Relevant data. Right now, prescriptive analytics tends to be effective when it has large amounts of highly relevant and useful data are readily available. For example, geophysicists are currently using it to find the optimal location for dating oil and gas wells. To do so, they employ models that incorporate ocean surveys, seismographic data, capital cost information, as well as unstructured data sources, such as images taken inside test wells. To make a single decision they analyze literally terabytes of data. Of course, such decisions may also save millions of dollars, so it’s important to get them right.
A similar amount of data is also needed for more generalized business decision-making. We need to be able to incorporate everything from demographic databases to videos and social metrics into the pool for analysis. Of course, this is possible today, but it can typically only be done when compiled by a skilled analyst in products like Excel or more sophisticated tools like SAS. Such ad hoc solutions can deliver value, but they require a considerable investment that isn’t available or reasonable for most decisions.
Collections of ready-made models. While we can create prescriptive models for specific purposes, businesses will need to have ready access to a wide range of models that address the wide range of decisions a business needs to make. While no one could ever anticipate all potential use cases, the world has plenty of examples of shared resources used to overcome analogous problems. Today, it is possible to collect a database of relevant, working models that can cover most likely economic conditions and circumstances — especially if a marketplace could be developed for sharing and selling them.
Modeling tools. Something, for the course, will need to bring this together: an analytics platform that can understand both the inputs of investment, the ongoing financial activities of the company, and other inputs needed to understand bottom-line results. Such a platform should standardize and categorize models — as well as make them available in libraries for analysts.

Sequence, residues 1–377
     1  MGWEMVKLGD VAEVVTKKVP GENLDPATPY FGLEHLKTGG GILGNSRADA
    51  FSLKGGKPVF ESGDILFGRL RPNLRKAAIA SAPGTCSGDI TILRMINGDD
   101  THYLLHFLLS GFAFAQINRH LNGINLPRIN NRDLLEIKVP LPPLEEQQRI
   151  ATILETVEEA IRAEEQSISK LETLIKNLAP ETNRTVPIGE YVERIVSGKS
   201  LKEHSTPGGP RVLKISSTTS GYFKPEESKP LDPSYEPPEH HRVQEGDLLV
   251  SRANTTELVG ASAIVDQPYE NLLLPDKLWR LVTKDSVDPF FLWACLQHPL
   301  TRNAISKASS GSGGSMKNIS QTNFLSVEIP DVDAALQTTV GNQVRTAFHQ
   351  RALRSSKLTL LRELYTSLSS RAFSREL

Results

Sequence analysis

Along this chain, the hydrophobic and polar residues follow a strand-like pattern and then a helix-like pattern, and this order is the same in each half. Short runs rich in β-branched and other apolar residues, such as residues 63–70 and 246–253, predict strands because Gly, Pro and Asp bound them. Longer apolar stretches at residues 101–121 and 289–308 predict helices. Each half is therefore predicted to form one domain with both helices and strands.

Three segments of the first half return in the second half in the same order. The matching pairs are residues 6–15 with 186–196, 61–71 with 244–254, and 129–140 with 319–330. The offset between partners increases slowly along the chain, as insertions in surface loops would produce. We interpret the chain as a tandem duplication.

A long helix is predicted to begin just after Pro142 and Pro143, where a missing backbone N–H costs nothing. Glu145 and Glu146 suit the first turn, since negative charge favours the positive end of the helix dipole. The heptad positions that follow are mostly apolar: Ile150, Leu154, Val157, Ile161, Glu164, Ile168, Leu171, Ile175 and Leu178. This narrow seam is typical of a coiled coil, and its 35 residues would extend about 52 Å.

Analytics. Obviously, we would also need a suite of superior analytics tools that could be used for all kinds of simulations that might be required. This is the smallest of the hurdles we need to overcome, as plenty of sophisticated analytics platforms already exist that is able to undertake these tasks.
The simple fact is that if we take the right approach, we are on the brink of a much wider application for prescriptive analytics than currently exists, and one that would greatly facilitate data-driven decision-making. While AI-driven predictive insight has aided businesses in innumerable ways, we are running up against its limitations every day. Perhaps, with the application of new approaches, CEOs will finally get the value they’ve been seeking from the massive amounts of data they’ve been amassing. In that way, when it comes time to make big strategic decisions around the conference table, analysts will be leading the way.
Andrew Usacheff is a serial entrepreneur with extensive experience in the fuel and energy complex. He is the CEO of AssetData Group - an international consulting group and software developer for business assets analytics. He is an expert in supply chain management (Accenture Academy, Energy Delta Institute), project management (Adam Smith Training), investment project evaluation (E&Y), and energy conservation.